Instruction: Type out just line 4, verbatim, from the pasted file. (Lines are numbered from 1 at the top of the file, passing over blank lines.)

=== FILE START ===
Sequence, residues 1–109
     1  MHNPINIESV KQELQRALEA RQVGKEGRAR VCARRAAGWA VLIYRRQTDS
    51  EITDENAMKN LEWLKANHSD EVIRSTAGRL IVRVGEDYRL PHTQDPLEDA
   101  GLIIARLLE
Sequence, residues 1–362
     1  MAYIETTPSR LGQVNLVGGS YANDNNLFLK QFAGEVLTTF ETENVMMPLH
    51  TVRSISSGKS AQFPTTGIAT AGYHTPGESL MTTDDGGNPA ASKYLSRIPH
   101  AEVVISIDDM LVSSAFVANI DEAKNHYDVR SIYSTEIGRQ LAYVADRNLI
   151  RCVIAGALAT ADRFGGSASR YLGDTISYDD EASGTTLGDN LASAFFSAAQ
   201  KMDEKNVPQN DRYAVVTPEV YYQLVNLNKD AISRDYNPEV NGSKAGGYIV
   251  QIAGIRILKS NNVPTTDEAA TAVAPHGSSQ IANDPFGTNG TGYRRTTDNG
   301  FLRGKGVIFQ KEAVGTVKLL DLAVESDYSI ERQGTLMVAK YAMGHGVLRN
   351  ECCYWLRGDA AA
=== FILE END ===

   101  GLIIARLLE